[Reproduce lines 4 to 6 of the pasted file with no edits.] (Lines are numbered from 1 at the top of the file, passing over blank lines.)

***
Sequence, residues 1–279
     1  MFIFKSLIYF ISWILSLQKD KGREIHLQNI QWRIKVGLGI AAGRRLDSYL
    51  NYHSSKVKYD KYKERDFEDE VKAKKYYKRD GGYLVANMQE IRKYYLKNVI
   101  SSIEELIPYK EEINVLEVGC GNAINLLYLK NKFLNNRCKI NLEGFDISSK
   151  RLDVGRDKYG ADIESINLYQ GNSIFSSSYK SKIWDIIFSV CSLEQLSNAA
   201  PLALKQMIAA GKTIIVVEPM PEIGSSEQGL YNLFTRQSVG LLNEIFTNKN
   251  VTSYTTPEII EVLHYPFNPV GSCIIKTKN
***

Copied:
   101  SSIEELIPYK EEINVLEVGC GNAINLLYLK NKFLNNRCKI NLEGFDISSK
   151  RLDVGRDKYG ADIESINLYQ GNSIFSSSYK SKIWDIIFSV CSLEQLSNAA
   201  PLALKQMIAA GKTIIVVEPM PEIGSSEQGL YNLFTRQSVG LLNEIFTNKN